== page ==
Sly. Third, or fourth, or fifth Borough, &c.] This corrupt Reading had pafs'd down through all the Copies, and none of the Editors pretended to guess at the Poet's Conceit. What an infipid, unmeaning Reply does Sly make to his Hoflefs? How do third, or fourth, or fifth Borough relate to Headborough? The Author intended but a poor Witticism, and even That is loft. The Hoftefs would fay, that the'll fetch a Conftable: and this Officer fhe calls by his other Name, a Thirdborough: and upon this Term Sly founds the Conundrum in his Anfwer to her. Who does not perceive, at a fingle glance, fome Conceit started by this certain Correction? There is an Attempt at Wit, tolerable enough for a Tinker, and one drunk too. Third-borough is a Saxon-term fufficiently explain'd by the Gloffaries: and in our Statute-books, no farther back than the 28th Year of Henry VIIIth, we find it used to fignify a Conftable.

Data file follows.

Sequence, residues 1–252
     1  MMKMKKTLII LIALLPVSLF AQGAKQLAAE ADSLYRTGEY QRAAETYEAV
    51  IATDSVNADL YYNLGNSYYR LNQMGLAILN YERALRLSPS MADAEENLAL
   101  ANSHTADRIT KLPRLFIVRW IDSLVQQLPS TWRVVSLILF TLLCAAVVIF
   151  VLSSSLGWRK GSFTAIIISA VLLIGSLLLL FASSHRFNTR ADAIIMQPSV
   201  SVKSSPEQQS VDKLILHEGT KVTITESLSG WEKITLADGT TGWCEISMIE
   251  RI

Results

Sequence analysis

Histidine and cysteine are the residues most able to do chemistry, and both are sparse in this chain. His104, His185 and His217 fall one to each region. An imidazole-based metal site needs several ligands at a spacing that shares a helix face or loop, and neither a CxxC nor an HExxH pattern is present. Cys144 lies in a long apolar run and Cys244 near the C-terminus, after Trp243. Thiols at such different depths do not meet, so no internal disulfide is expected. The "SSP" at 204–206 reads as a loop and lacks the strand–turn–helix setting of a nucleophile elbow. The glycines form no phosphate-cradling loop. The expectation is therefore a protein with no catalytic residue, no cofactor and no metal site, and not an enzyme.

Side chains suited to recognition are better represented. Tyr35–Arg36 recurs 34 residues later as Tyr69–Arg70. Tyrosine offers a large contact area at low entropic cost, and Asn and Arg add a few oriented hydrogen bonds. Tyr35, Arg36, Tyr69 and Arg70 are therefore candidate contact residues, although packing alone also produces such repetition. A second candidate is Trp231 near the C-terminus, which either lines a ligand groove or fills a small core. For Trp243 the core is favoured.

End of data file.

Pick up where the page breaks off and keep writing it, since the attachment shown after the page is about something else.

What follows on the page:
Hiero. Juftice, ob! juftice to


Hieronymo. Lor. Back;fee't thou not, the King is busy? Hiero. Ob, is he fo? King. Who is He, that interrupts our Business? Hiero. Not I: Hieronymo, beware; go by, go by. So Sly here, not caring to be dun'd by the Hofefs, cries to her


Wind borns. Enter a Lord from bunting, with a Train. Lord. Huntsman, I charge thee, tender well my hounds,

Brach, Merriman, the poor cur is imboft; 5
And couple Clowder with the deep-mouth'd Brach.
Saw'st thou not, boy, how Silver made it good
At the hedge-corner in the coldeft fault?